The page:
A Vindication by Cadwallader D. Colden, of the Steam Boat Right Granted by the State of New-York: In the Form of an Answer to the Letter of Mr. Duer, Addressed to Mr. Colden
Websters and Skinners, 1818 - 178 sider
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admit advantageous answer appeared applying argument assertion attempt authority believe built calculations Chancellor Chancellor Livingston claim commerce committee congress consider consideration constitution constructed Court doubt effect employ entirely established evidence exclusive grant exclusive privilege exclusive right exercise expense experiment expressed faith favor feel Fitch force further give given Governor Ogden grant grounds heard honor important improvement intended interest invention inventor John Judge justice legislature letter Livings Livingston and Fulton means mentioned merits Messrs mode of applying navigation never New-York notice object obtained operation opinion passed patent person points possession present principles produced prohibit propel protection question reason reference regulation relation repeal represented respect river Robert secure seen shew statute steam boat steam engine substance success suggestions suppose term thing tion true in fact United waters wheel
Side 174 - To the Honorable the Senate and House of Representatives of the Commonwealth of Massachusetts in General Court assembled.
Side 32 - Nor have I ever heard of an instance, verified by other testimony than that of the inventor, of a speedy and agreeable voyage having been performed in a steamboat of any construction. I am well aware that there are still many very respectable and ingenious men who consider the application of the steam-engine to the purpose of navigation as highly important and as very practicable, especially on the rapid waters of the Mississippi, and who would feel themselves almost offended at the expression of...
Side 30 - During the general lassitude of mechanical exertion which succeeded the American Revolution," said Latrobe, "the utility of steamengines appears to have been forgotten; but the subject afterward started into very general notice in a form in which it could not possibly be attended with much success. A sort of mania began to prevail, which indeed has not yet entirely subsided, for impelling boats...
Side 29 - His boat was eighty feet in length, and was propelled by means of a vertical pump in the middle of the vessel, by which the water was drawn in at the bow and expelled at the stern through a horizontal trough in her hull.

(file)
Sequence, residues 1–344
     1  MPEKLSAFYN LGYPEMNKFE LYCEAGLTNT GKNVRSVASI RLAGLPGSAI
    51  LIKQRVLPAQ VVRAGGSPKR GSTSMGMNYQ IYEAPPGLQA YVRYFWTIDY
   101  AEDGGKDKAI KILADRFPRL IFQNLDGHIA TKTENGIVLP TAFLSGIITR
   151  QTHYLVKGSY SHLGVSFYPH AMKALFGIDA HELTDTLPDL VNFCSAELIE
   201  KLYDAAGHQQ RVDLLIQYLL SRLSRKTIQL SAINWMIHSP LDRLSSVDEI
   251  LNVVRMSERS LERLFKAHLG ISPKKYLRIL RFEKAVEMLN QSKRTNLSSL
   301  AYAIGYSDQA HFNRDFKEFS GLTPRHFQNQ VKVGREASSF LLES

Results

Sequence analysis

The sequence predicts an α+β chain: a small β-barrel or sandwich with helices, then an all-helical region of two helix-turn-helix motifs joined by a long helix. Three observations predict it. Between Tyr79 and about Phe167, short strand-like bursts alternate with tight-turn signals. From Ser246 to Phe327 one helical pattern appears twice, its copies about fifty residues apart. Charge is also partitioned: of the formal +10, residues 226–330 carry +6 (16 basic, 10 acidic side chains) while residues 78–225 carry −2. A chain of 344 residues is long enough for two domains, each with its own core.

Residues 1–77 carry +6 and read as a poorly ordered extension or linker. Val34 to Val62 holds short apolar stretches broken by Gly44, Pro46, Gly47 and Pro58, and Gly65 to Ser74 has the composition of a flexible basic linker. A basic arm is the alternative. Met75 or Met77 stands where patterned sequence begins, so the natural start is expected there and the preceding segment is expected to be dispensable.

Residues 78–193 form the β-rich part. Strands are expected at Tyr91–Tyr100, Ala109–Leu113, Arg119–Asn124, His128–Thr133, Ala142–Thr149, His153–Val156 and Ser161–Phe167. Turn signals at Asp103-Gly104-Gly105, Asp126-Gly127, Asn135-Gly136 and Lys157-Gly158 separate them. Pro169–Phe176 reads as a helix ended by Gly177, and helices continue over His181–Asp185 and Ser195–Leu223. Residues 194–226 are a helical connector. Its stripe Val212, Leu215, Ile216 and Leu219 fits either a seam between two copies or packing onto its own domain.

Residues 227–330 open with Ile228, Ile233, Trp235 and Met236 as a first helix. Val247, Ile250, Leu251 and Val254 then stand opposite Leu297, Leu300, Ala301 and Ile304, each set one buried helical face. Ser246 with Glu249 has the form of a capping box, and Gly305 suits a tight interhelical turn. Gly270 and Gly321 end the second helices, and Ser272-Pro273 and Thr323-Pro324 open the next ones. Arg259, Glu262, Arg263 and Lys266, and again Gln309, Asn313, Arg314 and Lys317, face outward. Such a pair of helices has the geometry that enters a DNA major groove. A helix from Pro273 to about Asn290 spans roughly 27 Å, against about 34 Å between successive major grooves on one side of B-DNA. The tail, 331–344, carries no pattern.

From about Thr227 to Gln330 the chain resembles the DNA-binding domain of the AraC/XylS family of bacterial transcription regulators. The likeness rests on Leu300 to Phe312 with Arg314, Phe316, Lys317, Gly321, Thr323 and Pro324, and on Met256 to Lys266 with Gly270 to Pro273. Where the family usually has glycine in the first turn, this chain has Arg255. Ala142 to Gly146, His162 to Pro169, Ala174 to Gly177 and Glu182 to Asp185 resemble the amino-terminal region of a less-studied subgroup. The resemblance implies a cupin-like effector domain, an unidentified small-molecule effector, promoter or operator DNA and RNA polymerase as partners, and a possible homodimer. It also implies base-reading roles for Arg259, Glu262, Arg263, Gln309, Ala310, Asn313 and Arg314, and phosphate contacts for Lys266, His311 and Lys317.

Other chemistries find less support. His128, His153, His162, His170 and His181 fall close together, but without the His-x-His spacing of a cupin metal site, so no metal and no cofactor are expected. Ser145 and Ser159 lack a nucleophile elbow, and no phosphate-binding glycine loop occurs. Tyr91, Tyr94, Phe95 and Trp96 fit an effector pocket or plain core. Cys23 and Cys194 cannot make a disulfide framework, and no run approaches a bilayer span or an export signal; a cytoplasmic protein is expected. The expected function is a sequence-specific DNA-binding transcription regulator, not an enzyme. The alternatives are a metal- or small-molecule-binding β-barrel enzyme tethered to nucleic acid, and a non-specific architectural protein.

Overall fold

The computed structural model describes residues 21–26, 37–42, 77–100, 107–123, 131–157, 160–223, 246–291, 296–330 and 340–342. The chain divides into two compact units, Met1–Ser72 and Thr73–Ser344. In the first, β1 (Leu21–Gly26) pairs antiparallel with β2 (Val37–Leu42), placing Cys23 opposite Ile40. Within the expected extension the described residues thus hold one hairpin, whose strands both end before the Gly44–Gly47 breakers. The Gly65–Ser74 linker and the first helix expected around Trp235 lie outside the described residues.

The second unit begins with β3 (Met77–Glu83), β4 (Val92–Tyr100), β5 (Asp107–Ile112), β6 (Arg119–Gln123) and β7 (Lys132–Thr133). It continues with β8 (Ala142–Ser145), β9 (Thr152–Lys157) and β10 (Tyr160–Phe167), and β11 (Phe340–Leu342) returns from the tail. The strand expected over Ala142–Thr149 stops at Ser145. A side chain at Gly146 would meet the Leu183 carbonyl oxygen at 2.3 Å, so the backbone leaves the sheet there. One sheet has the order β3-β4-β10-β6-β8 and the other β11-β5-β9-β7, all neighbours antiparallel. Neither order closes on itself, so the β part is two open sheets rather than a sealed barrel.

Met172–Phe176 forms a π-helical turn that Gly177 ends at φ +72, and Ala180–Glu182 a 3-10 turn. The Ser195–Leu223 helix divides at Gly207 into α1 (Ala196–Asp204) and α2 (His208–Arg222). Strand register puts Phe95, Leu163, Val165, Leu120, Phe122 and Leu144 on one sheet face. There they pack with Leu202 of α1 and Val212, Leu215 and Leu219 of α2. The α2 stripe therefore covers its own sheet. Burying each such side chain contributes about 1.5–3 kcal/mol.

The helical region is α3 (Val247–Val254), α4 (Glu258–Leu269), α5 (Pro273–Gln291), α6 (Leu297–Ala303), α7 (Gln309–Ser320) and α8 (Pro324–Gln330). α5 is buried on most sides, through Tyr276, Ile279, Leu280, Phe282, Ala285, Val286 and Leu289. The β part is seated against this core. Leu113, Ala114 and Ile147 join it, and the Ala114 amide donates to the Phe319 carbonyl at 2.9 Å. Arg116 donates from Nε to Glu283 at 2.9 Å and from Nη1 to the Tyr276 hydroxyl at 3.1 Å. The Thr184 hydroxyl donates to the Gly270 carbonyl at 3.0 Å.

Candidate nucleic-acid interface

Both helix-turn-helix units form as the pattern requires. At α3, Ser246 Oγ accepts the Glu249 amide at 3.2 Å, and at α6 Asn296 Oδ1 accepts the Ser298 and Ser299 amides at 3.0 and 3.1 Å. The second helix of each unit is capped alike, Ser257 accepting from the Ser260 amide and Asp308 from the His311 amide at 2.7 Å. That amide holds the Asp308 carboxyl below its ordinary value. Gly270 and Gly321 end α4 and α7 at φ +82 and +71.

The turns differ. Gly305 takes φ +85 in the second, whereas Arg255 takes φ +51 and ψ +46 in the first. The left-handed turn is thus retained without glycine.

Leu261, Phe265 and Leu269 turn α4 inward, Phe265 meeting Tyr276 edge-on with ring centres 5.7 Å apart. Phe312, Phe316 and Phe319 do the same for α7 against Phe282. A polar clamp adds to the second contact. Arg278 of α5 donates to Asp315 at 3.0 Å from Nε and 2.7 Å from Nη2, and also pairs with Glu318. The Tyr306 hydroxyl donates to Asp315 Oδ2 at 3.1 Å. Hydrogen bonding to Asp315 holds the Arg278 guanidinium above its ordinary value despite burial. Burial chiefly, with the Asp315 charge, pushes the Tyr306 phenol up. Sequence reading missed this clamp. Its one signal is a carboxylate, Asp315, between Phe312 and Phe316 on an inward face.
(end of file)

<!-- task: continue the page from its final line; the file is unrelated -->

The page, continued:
Side 122 - ... shall fully explain the principle and the several modes in' which he has contemplated the application of that principle or character by which it may be distinguished from other inventions...
Side 30 - ... into a rotatory motion, were made. For a short time, a passage-boat, rowed by a steam-engine, was established between Bordentown and Philadelphia, but it was soon laid aside. The best and most powerful steam-engine which has been employed for this purpose — excepting, perhaps, one constructed by Dr.
Side 32 - ... especially on the rapid waters of the Mississippi, and who would feel themselves almost offended at the expression of an opposite opinion. And perhaps some of the objections against it may be obviated. That founded on the expense and weight of the fuel may not for some years exist in the Mississippi, where there is a redundance of wood on the banks; but the cutting and loading will be almost as great an evil.
Side 53 - An ACT for granting and securing to John Fitch the Sole Right and advantage of making and Employing, for a limited Time, the Steam-Boat by him lately invented.
Side 51 - Fitch the sole right and advantage of making and employing the steain boat by him lately invented " passed the nineteenth day of March one thousand seven hundred and eighty seven, as well 'as by the uncertainty and hazard of a very expensive experiment unless he could be assured of the exclusive advantage of the same if on trial it should be found to succeed. And whereas it is further suggested that the said John Fitch is either dead or hath withdrawn himself from this State without having made any...
Side 18 - And then, after sketching the dangers which threatened his interests as guarantied by the laws of the State, Mr Emmet prophetically added : ' Yes, my friend, my heart bleeds while I utter it, but I have fearful forebodings, that you may hereafter find in public faith a broken staff for your support, and receive from public gratitude a broken heart for your reward.